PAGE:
Is Lance Stroll feeling the pressure after six consecutive Q1 eliminations in the 2019 F1 season so far, and his home race looming? Chris Medland speaks to him in Montréal
Photo: Motorsport Images
The smile on Lance Stroll’s face as he skates around the ice with a number of Montréal Canadiens ice hockey players ahead of his home race this weekend highlights just how little pressure the 20-year-old is feeling.
“Enjoy doing this? You have to be silly not to! This is awesome,” Stroll beams. “I love it, it’s great to be home. The build-up to the weekend has been great – friends, family, can’t ask for more.
“It’s been pretty mellow to be honest… I’ve had a lot of time on my hands and I’m feeling good for the weekend.
“I think Montréal’s a very different track to the last two events. There’s a lot of opportunity this weekend. It hasn’t been easy the last couple of races in Monaco and Spain, missing out on points, but we’re looking to turn that around this weekend.”
Stroll’s first point in Formula 1 came at the Canadian Grand Prix two years ago, but they were quickly overshadowed by his remarkable podium in Baku one race later. After a wretched season for Williams last year, a move to Sport Pesa-sponsored Racing Point this campaign has offered more opportunities to score again. But it has also seen the extension of a run of 10 consecutive races without escaping Q1, a statistic Stroll insists doesn’t bother him.
“I know realistically Sunday is all that matters because the points are on Sunday. And [I don’t count] last year because we couldn’t get out of Q1!
“This year, realistically the last couple of events have been challenging. I think there’s been a little bit of bad luck in there as well in a couple of events that have contributed to not getting out, so we’ve just got to keep chipping away at it and work with our controllables. As a racing driver that’s all you can do.”
Having changed teams for the first time in Formula 1, Stroll has a ready-made excuse as to why he has yet to beat team-mate Sergio Pérez in qualifying. But it’s one he doesn’t choose to use, instead praising Racing Point for making his move a comfortable one.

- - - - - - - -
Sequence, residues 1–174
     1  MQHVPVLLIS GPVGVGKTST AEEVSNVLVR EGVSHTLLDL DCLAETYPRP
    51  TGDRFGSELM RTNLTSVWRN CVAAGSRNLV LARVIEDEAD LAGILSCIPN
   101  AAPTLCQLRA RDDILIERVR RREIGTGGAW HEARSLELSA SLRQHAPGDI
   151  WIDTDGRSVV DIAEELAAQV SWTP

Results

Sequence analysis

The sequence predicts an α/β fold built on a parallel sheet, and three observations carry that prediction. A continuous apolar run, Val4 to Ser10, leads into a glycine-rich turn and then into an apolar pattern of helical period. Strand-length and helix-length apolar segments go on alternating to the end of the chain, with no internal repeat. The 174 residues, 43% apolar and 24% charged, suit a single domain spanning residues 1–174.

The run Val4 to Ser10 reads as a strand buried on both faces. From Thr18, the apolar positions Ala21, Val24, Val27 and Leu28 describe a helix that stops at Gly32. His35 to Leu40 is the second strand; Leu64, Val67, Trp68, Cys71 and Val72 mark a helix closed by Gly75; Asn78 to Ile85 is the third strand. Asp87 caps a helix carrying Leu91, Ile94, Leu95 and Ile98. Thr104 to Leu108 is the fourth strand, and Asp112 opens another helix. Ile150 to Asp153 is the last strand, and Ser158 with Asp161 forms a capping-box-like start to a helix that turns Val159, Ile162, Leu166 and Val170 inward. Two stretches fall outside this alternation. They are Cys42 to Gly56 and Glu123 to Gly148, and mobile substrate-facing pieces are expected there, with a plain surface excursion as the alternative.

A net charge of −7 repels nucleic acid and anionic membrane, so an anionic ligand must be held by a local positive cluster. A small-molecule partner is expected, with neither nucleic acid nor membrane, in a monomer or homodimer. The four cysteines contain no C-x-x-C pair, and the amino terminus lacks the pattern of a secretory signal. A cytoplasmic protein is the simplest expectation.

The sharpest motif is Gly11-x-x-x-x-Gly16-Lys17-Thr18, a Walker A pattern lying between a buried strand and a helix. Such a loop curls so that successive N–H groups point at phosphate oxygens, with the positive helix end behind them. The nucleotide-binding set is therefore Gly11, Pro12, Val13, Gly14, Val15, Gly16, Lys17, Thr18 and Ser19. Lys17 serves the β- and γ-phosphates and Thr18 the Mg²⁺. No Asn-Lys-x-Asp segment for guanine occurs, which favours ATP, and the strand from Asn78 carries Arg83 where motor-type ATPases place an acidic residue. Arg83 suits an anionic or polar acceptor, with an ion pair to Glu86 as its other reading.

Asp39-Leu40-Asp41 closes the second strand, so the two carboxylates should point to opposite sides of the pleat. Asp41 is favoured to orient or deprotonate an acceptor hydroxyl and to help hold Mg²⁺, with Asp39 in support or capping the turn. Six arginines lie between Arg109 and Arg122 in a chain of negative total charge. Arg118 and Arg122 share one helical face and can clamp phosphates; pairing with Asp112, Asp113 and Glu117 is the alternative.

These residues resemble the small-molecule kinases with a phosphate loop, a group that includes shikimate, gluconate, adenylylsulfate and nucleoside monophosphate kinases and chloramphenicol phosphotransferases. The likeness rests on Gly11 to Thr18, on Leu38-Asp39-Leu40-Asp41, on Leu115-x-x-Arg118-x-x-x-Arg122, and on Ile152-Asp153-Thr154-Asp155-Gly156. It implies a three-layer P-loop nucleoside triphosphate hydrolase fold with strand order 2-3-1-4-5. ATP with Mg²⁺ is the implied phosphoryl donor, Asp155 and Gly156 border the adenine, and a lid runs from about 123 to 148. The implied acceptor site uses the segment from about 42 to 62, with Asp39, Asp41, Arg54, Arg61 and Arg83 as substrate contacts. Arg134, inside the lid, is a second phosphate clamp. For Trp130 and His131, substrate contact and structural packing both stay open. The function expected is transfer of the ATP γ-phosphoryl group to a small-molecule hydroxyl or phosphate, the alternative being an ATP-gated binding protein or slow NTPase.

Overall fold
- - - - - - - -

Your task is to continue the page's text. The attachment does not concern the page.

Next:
“The transition has been pretty good, to be honest. The guys have really been supporting me and they’re really giving me some good guidance to be the best I can be. As a team I think all the ingredients are there and it’s just about getting the job done. I believe the season’s still very young and I think there’s a bright future ahead.”
Six consecutive Q1 eliminations this season is a headline statistic, but the average gap between Stroll and Pérez has been 0.3sec. What’s really hurting the young Canadian even more is the nature of the midfield, because this is a season where such a margin translates to a significant number of positions.
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“I think race pace has been really good, and I’ve had some good starts this year – Monaco was another good one – so those have been positives. That’s put me in a good place in the opening laps to get some good results. It’s just about keeping that up and working on some of the weaknesses.
“Qualifying I’m just missing out that little bit, those extra couple of tenths, which is a focus point. But it’s still early days and I’m still getting to grips with the car. That’s a bit of a process and the field is so tight that the weekend, if we’re not on form, is really penalising in terms of the end result
“But I think that’s great. I think that’s very exciting for the sport and I’m very confident that we can develop the car and get some good results the rest of the season.”
Development is something Racing Point needs based on the past two weekends, with Pérez only qualifying 15th and 17th at Barcelona and Monaco respectively, compared to 17th and 18th for Stroll. But if the qualifying run is going to be broken, Stroll admits he has to look at where his own driving can improve as much as the car’s performance level.
“I think those few tenths are going to come both from me and from car development. The car needs improvements in certain areas, just like everyone else in all cars. That’s the nature of the sport, we see cars work better on some tracks than others.
“On my side, I’ve got to keep working on my weaknesses and build on my strengths. That’s my goal as a Formula 1 driver. This is my third year now, but I still believe I have a lot to learn. In this new environment especially it’s early days, it’s about going through the process and I’m sure as a team it will come together.”
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